Afghan Heroes

In the first phase of our mission we seek to deliver: Front Line Support: To support all our service personnel operating in theatre in Afghanistan. To provide the much needed “home comfort“ supplies and gifts to those service personnel. To promote and embrace a new initiative “Thank The Troops” to ensure our soldiers know they are not alone. On the home-front: Support groups for the families of the fallen. Regional network groups. Charity events so they can come together.   In each of all of these tasks, we aim to work with the military authorities to ensure the right support reaches the right people at the right time. The second phase of our mission is to help those who have returned from Afghanistan to overcome difficulties by: Support for the Returning Troops: With the intention of providing emotional, psychological help through support groups for all returning soldiers and families of the fallen. Help with vocational training, including: IT equipment, computers and printers. Assisting other minor charities in their work. Creating a lasting legacy in support of our operations in Afghanistan.
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Help for heroes

Who are H4H? H4H was founded by Bryn and Emma Parry after a visit to the hospital at Selly Oak. It is a charity (Reg no 1120920) which provides direct, practical support, primarily to those wounded in current conflicts. It launched on 1 Oct 2007. Why was H4H formed? We don’t care about the rights and wrongs of war but we believe that if young men and women are prepared to volunteer to serve our country on our behalf, and are hurt while doing so, they deserve our support. We want that support to be the best and to be there for life. What does H4H do? We raise funds and give grants to; Build capital projects like the £8.5m Rehabilitation Complex at Headley Court, the H4H wing at Combat Stress, the £1 million enhancement of facilities at Blind Veterans UK, Llandudno or the Recovery Centres at Tidworth , Catterick , Colchester and Plymouth. Help individuals. Where there is need, we provide immediate support to serving, veterans and their families through our Quick Reaction and our Individual Recovery Programme funds. As at August 2012, Help for Heroes has awarded £4.2m to these funds, helping 2,226 individuals. Support Battle Back. We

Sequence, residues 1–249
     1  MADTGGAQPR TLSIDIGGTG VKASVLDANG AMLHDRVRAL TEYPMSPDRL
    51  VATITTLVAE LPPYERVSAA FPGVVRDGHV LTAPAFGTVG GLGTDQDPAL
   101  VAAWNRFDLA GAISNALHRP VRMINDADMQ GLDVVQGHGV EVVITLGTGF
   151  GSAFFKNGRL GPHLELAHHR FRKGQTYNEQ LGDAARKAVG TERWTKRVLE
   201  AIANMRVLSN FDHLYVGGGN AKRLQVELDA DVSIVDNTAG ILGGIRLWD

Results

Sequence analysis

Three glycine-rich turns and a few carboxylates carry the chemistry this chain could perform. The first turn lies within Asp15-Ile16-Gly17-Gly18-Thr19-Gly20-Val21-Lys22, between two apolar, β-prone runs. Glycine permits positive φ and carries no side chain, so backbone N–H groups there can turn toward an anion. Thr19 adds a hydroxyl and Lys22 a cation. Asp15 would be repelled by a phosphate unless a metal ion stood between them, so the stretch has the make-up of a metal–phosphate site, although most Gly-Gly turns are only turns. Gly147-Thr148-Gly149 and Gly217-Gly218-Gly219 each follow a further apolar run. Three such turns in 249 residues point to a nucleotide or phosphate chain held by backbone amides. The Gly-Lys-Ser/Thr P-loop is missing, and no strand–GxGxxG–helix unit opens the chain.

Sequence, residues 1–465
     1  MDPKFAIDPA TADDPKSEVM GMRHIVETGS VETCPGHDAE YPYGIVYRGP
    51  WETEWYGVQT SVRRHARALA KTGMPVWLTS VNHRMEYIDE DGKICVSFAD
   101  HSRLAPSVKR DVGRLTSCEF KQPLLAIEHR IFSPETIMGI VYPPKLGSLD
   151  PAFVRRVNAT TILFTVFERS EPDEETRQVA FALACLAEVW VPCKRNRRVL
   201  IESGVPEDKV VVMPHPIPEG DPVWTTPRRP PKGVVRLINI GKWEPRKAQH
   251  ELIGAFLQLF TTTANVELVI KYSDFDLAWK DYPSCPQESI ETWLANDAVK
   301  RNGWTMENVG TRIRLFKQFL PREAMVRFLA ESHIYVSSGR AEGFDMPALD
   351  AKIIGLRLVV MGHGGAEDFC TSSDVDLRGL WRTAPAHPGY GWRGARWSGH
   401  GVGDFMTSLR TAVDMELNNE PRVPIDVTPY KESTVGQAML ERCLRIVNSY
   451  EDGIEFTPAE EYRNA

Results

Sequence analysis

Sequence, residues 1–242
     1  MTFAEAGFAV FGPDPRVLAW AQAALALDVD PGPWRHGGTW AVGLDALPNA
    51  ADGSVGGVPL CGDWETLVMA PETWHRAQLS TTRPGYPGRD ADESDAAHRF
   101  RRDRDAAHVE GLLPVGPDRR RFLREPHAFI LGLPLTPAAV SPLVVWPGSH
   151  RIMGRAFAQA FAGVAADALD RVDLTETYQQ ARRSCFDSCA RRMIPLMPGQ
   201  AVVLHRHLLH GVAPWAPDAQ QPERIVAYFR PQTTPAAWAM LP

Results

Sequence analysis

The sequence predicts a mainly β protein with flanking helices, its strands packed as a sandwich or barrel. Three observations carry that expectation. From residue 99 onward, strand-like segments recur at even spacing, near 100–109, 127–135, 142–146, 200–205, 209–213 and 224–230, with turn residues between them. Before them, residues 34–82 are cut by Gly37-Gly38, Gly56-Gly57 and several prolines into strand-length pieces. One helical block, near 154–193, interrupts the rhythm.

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Troop aid

What we are doing When injured troops return to the United Kingdom from the war zones they arrive back without their personal effects or clothing.  The objective of TROOP AID is to supply the ‘basic essentials’ when service casualties return from serving their country overseas. Our GRAB BAGS are currently being sent to the Field Hospital in Afghanistan, Cyprus and the Falkland Islands, The Queen Elizabeth Hospital in Birmingham plus the Ministry of Defence Hospital Units in Plymouth, Portsmouth and Frimley Park Hospital in Camberley. Who we are TROOP AID was founded in November 2006 by three ex servicemen as a result of a visit to Selly Oak Hospital’s Alexandra Wing in Birmingham.  This is the home of the Defence Medical Welfare Services who are responsible for the welfare of all Armed Forces Personnel, male and female who have been injured during the conflict in Afghanistan and elsewhere.
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The Soldiers’ Charity